1. Your bit about the author sandwich board. In my mind, I’m picturing you — well, only your head because that’s all I’ve seen and that’s all that pokes out of a sandwich board — walking around a busy street in front of Barnes & Noble with a sandwich board of the front and back covers covering your body. Is that what your marketing & publicity team has in mind? Cuz I’m thinking I might drive out to your part of North Carolina just to get my copy of Dixie Dupree at THAT Barnes & Noble.

2. I’m guessing you’re heard of this, and you need to know about it NOW when you’re editing for the final time. You know how a lot of buildings don’t have a 13th floor? You look on the elevator panel and you can go from the 12th to the 14th floor without possibility of a stop in between. Or, my house, but I don’t want to brag here. Well, what’s become the norm is for authors who want good luck and big sales is to leave one typo in their book. You create a typo on page 10, line 12. It’s based on the bible verse from 1Corinthians at, you guessed it, Corinthians 10 verse 12 which reads: Therefore, whoever thinks he is standing securely should watch out so he doesn’t fall. Essentially, “don’t deny your mistakes.” So, if you want God on your side, you should make one typo right there on page 10. It’s what all the pros are doing nowadays.

Also, I should let you know, I just made that up. C’mon, we write fiction, it’s what we do. Make stuff up. But the bit about the 13th floor? That’s for real.

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Oh my gosh, yes! Thanks for sharing! This is too cool.

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This is some great information! Thanks for sharing and congrats on all your success!

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I knew it was a process (and one I yearn for), but it’s really neat to see the steps laid out like this! It’s funny to think typesetting is still a thing, but of course it is. Hold a book in your hands, and you can (typically? mostly?) tell how those words physically reached the page.

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    I thought ya’ll might like to read about it – I know when I find a site that spills the beans I’m enthralled! When I was in high school, at some point, we had to take a class called Graphic Arts. I remember doing typesetting then. It was tedious, but precise work, all those steel/metal pieces with a letter stamped at the top, and the long section that set into some sort of tray…I remember thinking, um, nope, not for me! I’m too impatient! “Typesetting” today has moved on to a more digital format for most publishers I think, (there is a program in Adobe for it) but is still a process that is about design, style, layout, and formatting.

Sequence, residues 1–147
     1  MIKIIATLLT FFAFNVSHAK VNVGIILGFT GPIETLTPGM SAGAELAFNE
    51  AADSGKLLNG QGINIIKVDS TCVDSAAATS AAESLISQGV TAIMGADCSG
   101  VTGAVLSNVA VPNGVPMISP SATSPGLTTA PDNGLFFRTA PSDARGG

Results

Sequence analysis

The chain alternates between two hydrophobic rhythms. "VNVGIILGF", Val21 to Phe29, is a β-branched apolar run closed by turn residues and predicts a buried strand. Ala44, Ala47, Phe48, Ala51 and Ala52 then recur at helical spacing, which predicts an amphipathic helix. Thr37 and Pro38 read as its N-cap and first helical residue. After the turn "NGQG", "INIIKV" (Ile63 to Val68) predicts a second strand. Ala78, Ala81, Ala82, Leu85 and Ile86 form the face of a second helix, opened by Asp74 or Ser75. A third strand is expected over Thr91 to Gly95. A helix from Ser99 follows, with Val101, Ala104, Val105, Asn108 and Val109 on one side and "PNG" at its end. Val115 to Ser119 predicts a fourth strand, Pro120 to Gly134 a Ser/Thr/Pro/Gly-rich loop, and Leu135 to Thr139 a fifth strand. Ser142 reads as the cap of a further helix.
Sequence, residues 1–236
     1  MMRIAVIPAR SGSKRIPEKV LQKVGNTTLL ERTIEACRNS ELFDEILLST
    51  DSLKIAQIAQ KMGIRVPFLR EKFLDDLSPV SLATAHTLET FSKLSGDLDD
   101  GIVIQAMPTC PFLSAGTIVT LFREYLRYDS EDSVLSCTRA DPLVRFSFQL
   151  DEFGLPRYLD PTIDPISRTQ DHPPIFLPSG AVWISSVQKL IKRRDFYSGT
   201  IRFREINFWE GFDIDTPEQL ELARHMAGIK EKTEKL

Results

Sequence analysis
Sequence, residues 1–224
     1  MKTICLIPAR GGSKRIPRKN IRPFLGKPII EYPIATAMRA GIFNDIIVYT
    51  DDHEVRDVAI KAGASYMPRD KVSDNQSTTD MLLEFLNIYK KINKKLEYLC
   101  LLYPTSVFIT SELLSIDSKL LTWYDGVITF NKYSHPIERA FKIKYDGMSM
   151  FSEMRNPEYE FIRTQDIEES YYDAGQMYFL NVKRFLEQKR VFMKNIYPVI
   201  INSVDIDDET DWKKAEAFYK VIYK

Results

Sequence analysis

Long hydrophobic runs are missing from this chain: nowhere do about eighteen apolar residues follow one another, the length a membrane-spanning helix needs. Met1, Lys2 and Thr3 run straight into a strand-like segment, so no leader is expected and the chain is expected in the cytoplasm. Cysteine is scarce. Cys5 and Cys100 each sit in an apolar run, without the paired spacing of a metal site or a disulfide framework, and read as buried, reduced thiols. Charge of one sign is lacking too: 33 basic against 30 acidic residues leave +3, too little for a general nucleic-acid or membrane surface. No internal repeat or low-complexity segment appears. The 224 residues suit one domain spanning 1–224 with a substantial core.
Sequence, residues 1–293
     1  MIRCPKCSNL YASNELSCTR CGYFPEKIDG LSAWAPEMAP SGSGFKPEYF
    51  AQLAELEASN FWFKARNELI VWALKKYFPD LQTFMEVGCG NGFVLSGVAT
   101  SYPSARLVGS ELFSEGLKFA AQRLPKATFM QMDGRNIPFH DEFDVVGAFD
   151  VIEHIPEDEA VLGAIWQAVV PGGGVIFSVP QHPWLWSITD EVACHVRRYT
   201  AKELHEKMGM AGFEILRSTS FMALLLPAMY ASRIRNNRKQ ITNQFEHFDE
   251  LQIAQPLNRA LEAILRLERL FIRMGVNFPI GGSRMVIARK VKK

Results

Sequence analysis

It’s all so exciting. I wondered how much of your physical time you need to devote to pubb-ing and edits.

I’m not a publicist but I am a visual person. I think all that grey space behind your photo on the top should be not grey, but a slice of your book cover. Your book’s cover is beautiful beyond words. It is a cover easy to remember.

I’d use the same image on your twitter page and your FB author page.

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    It is exciting! The good news was this book was in really good shape. The editor said as much, so when I got to work on revisions/editing, all said and done (between red pencil corrections and modifications to story) it took only two weeks. The copy edit stuff wasn’t bad at all – they sent the Word Doc with tools turned on, and I was able to make the corrections which showed via Tracking. That only took me about a week and I could have done it faster.

    That is GREAT advice about use of the book cover here. This theme I’m using I think is pretty static, and won’t allow it – not that I’ve seen. (boo!) I’ll have to check to see if I can maybe change the color at least and pick up on that bright, sunny yellow. I’m trying to be as consistent as I can with the design of social media. I used an application or website called Canva to create my FB banner. I tried to use the same banner on Twitter, and part of the quote was cut off, so I had to shorten it there. I copied other author’s page design in doing that…I’m hoping I can eventually use an actual “book” picture on my sites (i.e. like a 3-D image) instead of a flat one eventually.

    I find myself staring at that book cover. (swooning over it too!) Thx Angie!


How fascinating, Donna! Thank you so much for sharing this AWESOME process with us. And I can see why it would seem surreal — even now. 🙂
I’m so excited for you, my dear friend. ❤ ❤ ❤

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    I’m glad you found it so, Lilac! I know for me, I want to read every single thing I can get my hands on about what goes on – before I was signed, and even now. For instance, I love reading about book signing experiences, the do’s/don’ts (really need to study up on that) and the what to expect sort of things. There’s nothing like trying to be prepared! (Girl Scout that I am. 🙂 )


I can’t wait either. You are living the dream my friend, living the dream.